The formalization of mutual stake in tokenized assets highlights interdependencies and incentivizes cooperation between heterogeneous communities holding stake in each other. ECSA’s implementation of stakeholding in the economic performance of others along mutually agreed performance indices is a generic framework that allows individuals, but also wider communities, to express commitment to common aims by sharing the risks involved in their pursuit. The Commons Stack’s bonding curve likewise allows communities to formalize their interdependencies with others by accepting their governance tokens as collateral, which results in webs of nested communities that each hold stake in one another. As these governance tokens not only reflect financial stake but also grant influence in collective decision-making, such networks not only align interests but also nurture coordination through the continuous signaling of preferences enabled by Conviction Voting. While Holochain’s Commons Engine does not explicitly suggest frameworks for mutual stake or governance processes, it is explicitly oriented toward making interlinked CPRs technically interoperable, so that eventually, a Holochain user/group can directly trade electricity for food, for example. The self-sovereign identity required here as a prerequisite for carrying reputation-based metrics across multiple CPRs is a crucial facet of interoperability across Holochain application spaces and creates a reliable foundation for communities’ own determination of governance processes. Table 2 below examines the three case studies along a range of metrics, to summarize some of the main similarities and differences between them.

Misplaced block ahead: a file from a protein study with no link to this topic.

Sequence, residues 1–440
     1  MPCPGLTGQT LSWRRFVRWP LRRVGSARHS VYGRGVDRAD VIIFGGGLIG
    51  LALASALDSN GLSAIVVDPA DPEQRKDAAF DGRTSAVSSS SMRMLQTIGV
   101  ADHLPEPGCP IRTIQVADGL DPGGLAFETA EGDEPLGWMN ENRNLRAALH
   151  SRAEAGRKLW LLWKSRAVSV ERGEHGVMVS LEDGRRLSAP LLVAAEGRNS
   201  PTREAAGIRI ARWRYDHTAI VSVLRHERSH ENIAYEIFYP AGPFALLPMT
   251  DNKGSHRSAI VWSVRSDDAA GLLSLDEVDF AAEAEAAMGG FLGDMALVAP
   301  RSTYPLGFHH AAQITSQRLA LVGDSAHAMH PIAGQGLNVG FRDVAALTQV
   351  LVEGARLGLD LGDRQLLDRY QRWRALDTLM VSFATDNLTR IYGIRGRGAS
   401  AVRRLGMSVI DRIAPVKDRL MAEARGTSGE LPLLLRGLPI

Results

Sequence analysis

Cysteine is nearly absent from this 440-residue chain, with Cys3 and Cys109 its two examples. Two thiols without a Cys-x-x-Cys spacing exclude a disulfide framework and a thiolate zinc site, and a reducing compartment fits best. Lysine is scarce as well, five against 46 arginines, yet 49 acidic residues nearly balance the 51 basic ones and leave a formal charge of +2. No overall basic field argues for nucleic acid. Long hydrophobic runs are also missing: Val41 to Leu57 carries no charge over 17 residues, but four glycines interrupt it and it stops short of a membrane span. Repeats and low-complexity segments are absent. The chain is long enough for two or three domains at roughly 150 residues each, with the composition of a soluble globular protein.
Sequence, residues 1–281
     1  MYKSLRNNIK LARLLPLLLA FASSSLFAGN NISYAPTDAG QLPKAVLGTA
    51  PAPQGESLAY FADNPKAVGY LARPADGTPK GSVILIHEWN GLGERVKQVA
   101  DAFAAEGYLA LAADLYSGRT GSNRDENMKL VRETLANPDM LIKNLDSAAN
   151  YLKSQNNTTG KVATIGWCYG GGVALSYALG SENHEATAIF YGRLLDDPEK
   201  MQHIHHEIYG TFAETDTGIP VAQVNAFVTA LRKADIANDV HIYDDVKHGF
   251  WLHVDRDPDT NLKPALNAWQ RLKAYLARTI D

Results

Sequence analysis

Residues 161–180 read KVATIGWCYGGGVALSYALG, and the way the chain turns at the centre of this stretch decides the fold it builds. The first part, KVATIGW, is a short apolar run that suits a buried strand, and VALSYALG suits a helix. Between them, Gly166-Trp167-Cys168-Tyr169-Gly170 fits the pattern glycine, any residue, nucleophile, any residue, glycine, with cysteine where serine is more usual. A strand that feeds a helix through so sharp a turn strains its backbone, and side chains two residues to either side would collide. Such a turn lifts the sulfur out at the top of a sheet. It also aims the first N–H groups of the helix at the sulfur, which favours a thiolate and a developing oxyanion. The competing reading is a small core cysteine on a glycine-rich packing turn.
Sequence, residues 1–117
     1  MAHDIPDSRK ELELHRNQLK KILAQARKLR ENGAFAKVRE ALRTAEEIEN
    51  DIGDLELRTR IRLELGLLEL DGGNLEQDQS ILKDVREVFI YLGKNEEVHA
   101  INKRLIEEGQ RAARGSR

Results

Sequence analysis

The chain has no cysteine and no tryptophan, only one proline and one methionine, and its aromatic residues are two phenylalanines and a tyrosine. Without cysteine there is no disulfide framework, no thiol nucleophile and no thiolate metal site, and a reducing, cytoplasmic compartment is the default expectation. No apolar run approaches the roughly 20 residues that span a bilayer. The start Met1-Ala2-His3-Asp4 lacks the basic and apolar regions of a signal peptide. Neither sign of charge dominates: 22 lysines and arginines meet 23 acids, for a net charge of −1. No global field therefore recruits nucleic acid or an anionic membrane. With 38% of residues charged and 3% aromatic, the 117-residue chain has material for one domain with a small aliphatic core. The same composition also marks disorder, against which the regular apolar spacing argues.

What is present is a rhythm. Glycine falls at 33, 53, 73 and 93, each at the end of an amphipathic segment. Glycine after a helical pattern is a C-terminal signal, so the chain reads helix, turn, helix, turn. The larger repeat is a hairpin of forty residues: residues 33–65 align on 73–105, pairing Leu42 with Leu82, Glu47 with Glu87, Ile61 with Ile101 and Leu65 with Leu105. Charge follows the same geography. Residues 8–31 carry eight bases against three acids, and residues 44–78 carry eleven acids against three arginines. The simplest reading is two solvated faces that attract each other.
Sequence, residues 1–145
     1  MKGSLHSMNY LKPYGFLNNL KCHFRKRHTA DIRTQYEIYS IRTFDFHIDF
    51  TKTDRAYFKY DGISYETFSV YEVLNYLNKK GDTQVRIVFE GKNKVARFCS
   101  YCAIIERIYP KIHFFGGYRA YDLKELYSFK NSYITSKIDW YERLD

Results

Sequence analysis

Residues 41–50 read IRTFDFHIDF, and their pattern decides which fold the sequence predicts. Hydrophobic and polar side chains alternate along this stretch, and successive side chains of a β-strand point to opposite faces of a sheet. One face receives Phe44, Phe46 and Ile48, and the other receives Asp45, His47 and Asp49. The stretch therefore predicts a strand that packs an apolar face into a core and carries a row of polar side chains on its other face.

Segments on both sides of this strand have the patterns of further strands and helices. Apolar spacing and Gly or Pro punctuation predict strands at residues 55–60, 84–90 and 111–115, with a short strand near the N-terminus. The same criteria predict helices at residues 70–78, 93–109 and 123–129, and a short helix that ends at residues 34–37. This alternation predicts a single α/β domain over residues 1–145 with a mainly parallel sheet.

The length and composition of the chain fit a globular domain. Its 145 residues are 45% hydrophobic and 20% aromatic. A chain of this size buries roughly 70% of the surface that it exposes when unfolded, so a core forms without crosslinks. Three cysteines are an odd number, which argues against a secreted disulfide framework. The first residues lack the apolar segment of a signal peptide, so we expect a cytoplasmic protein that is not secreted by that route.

At the outset of this investigation, we noted that these projects are at least partly situated at differing levels of abstraction, take varying approaches and focus on different aspects of commoning, which results in each case study having varying strengths and blind spots. Nevertheless, each of the considered attempts to inscribe external values into market activity remains a reformist approach that piggybacks on profit-driven market exchange, reminiscent of social democratic attempts to tame capitalism through redistributive taxation while retaining profit as the driving motive of economic activity. It is only in combination that the reviewed interventions to capitalist mechanisms of accumulation can develop their full potential to incrementally transform the dominant economic paradigm into what can still only be ambiguously referred to as “post-capitalism” (Arvidsson, 2019). Such a combination is eased by the fact that both ECSA and Holochain are situated at the protocol layer, while the Commons Stack is building modules on the application layer, that is, on a higher level of the tech stack. The direct inscription of common values into the economic calculus as well as the orientation of money supply toward the variable productive capacity of different physical commons enabled by the former two projects can thus potentially be combined in fruitful ways with the more community-oriented tools the Commons Stack devises. The emerging synthesis of democratic engagement in all spheres of a commons, embedded in socioeconomic market structures consciously geared toward the shared values of its participants and mediated by money-forms that discourage extractive speculation and retain informational breadth, appears as a beacon on the otherwise gloomy horizon of capitalist realism.